Sunday, January 22, 2012

"The Tuck Rule" - Rhymes With "Suck Rule"

Last Thursday, the infamous "Tuck Rule" turned 10 years old. I doubt many football fans said: "And thank god that one is still in the rulebook!"

The "Tuck Rule" is to the NFL, as herpes is to a Hefner pool party.

What the "Tuck Rule" does, is take an otherwise obvious and easy to call play in the game of football and twists logic, common sense, and a sense of fairness into a hopelessly knotted ball of legalese.

Once upon a time, we let NFL referees use their plain judgement to make calls. Not all of them were correct. Such is life, and sports.

Since the advance of better and more television, the public demand to get every call "right" has been un-relenting. It's a fool's errand. The biggest modern snipe hunt in history.

Just last week, we saw the limits of technology and the NFL's sense of humility. Not only did Bill Leavy go under the hood to refute on a whim what 1080 lines of precise slow-mo resolution at 60 frames per second had told all of America - that Greg Jennings had fumbled the football - but the league then backed him up later in the week by saying he had made the right call.


This is the NFL world we now live in. A world where what you see and know, may not be considered fact. And Roger Goodell's minions have no problem telling you that you are stupid for thinking so.

So back to the Tuck Rule game. Enjoy this excellent re-cap from NFL Films (by way of ESPN) and then if you like respond to a few emailers to my in-box below.

Personally, I am all for melting down the rulebook to make things more simple and less "codified." I would even be for a rule change that says any "pass" that does not go past the line of scrimmage is considered a fumble.

But don't count on the league going with LESS replay, or a SMALLER rulebook. The NFL is a bureaucracy just like any other. And bureaucrats almost never advocate limiting their power or scope of influence.

TUCK RULE EMAILS from this week...

Hello Czabe,

I have been a devoted listener to the morning show and The Sports Reporters since about 05. I have heard you argue about the NFL's replay system with Scott and the guys, and with Andy in the afternoons. I have always been somewhat on the fence about it, but this weekend totally pushed me into your corner.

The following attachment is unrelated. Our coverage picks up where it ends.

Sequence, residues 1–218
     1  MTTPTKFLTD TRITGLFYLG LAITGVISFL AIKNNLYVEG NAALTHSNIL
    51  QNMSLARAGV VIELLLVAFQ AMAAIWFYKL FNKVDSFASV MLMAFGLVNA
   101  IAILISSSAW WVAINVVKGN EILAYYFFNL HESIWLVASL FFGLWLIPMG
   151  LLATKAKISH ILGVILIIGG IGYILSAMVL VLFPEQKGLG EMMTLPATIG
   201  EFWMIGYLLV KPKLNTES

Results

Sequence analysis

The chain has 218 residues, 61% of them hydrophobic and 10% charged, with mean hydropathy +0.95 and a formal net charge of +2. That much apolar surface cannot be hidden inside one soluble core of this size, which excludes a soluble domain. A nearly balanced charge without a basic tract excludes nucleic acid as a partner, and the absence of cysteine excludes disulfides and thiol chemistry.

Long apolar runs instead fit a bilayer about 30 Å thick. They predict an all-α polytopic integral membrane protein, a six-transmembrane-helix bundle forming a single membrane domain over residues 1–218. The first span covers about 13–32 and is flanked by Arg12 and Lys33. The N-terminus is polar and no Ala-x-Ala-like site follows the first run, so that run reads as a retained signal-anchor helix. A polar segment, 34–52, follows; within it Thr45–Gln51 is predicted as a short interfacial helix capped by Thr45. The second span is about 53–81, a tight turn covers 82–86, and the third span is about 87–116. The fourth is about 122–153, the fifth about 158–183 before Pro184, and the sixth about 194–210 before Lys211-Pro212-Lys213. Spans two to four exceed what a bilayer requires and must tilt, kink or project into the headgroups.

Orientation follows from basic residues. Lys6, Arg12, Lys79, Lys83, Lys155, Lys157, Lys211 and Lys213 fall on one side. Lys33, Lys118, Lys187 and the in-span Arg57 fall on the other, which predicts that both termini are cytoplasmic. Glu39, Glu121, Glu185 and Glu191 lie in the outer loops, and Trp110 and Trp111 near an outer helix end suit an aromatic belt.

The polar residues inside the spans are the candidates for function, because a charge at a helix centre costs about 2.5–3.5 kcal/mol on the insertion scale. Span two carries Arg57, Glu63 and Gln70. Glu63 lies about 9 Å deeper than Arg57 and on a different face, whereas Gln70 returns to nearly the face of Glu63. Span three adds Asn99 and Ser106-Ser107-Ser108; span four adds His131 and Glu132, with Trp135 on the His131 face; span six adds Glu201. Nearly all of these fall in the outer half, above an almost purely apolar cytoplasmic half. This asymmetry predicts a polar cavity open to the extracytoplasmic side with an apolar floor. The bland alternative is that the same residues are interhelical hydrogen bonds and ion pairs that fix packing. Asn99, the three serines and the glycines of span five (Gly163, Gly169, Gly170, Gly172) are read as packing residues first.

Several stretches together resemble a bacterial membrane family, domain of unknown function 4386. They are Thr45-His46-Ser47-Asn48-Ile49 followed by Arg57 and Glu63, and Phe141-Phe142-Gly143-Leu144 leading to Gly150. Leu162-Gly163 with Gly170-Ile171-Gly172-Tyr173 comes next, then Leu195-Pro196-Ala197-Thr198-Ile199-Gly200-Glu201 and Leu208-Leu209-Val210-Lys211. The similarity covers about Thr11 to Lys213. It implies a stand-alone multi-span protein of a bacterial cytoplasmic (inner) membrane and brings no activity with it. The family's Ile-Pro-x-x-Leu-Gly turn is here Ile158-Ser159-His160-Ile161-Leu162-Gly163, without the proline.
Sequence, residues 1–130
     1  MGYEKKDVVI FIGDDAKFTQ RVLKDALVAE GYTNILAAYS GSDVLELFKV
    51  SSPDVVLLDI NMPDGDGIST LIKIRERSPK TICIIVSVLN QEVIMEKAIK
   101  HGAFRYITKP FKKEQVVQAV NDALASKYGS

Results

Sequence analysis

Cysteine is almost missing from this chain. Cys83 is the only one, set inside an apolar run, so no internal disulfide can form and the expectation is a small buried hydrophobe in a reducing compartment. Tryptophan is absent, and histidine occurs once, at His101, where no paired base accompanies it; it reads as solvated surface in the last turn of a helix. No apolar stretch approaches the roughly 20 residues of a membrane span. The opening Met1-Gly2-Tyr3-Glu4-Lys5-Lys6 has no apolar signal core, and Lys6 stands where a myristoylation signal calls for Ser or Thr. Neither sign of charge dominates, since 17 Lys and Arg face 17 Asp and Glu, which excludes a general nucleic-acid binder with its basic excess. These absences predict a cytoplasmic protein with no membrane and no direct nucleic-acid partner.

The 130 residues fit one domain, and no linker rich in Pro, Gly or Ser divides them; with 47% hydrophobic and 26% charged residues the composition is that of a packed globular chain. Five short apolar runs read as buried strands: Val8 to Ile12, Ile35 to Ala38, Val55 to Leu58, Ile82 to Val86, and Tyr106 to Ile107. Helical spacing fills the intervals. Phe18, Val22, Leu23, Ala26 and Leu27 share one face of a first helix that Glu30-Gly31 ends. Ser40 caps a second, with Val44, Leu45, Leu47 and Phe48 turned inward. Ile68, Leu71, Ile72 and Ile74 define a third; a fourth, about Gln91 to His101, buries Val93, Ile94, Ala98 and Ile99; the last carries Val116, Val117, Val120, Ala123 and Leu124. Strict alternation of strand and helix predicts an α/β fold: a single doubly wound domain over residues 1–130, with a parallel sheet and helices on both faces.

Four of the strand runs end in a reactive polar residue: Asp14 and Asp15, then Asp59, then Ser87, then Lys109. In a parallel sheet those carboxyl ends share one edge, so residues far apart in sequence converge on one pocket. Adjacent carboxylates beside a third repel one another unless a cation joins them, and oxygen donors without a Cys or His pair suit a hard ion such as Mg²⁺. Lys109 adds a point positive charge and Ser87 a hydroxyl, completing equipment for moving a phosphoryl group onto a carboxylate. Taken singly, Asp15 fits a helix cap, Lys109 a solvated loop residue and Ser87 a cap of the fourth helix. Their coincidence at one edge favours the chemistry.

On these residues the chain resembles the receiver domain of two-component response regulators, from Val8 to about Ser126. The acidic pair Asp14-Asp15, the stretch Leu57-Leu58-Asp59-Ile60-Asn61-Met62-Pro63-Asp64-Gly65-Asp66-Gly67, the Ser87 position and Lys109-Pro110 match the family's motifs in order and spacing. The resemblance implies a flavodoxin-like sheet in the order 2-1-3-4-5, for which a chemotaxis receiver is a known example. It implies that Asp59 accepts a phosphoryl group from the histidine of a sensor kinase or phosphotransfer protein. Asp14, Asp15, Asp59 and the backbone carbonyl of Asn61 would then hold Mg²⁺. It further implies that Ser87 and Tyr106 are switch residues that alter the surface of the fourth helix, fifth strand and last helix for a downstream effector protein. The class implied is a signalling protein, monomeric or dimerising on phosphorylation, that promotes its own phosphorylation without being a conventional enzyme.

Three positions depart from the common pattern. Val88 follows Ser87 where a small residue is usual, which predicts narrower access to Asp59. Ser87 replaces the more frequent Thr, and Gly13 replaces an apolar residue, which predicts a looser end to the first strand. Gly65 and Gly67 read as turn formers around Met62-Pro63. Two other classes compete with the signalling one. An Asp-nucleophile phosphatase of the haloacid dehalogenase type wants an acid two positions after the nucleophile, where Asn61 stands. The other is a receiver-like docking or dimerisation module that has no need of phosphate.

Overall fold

This whole "down by contact" thing is part of where the problem lies. It's not so much the idea of replay, but it's rules that replay tries to uphold. The NFL rulebook is so contrived and full of overcomplicated rulings and scenarios that it's almost laughable. I heard you guys mention the "Tuck Rule" yesterday on the local show, and that's a prime example. 

All that said, I like your idea about reviewing only scoring plays and turnovers because I do think some form of replay can be useful. I just think that the root of the problem is with the NFL's ridiculous rulebook.

Great job as always, keep it up!
Keith Barnes



Try this rule change that will eliminate the need for many instant replay reviews and coaches challenges in the NFL. In addition, it will remove a few distasteful plays used by the offense that lead to the officials stopping play for a lengthy discussion. The rule change I propose is \"Any ball that hits the ground behind the line of scrimmage is a live ball.\" Think about the all the plays that would no longer require a reviewed and invoke other obscure rules buried deep in the rules book. Was the quarterback\'s arm going forward when the ball was knocked out of his hand? Does not matter LIVE BALL recovered by the defense -- the tuck rule goes away -- intentional grounding leads to a live ball. I think the upside to this rule change is boundless and will mark a new era of keeping the game clock rolling without changing fundamental approach to the game.

Rico Leone 


Name:: Ken
Subject:: Tuck Rule Game

FYI, The Tuck Rule was called in the 1st game of the 2001 season btw the Partiots & the NY Jets. The fumble by Vinny Testaverde (and recovered by Pats) was changed to an incomplete pass due to the Tuck Rule.

So in the playoff game later that season against the Raiders, Bill Belichick was pretty certain the referees would call the same thing.

Also, ironically, the Patriots were robbed of a superbowl appearance during the 1976 playoffs by a controversial roughing the QB on Ken Stable on a 4th down. After the Tuck game was over, on a cold snowy day in Foxboro, the score board read "Revenge is best served cold." How poetic!


  1. Czabe needs to stop writing on this blog. Just exemplifies how he's not the least bit funny. Solly is the only legit funny man on the show.

  2. You can't have it both ways Czabe. If the rules were less "codified" and more open to interpretation you'd end up with the other end of the spectrum (see NBA) that you criticize even more! Interpretation opens the door to opinion and that opens the door to questions about games being rigged or "influenced" from the outside (more than they currently are).

  3. Czabe,If I remember correctly you had a hard time getting a complete NFL rulebook in the first place. The whole system is a joke, in the Bronco/Steelers playoff game Fox couldn't challenge the lateral turned fumble because an official had blown it dead. Get rid of the booth, the red flags and the challenges. Make the replay booth official the head official for the crew. He watches the replays like everyone in America, and if he sees something in he standard time between plays buzz the field and change the call. Simple without making the game 4 hours long.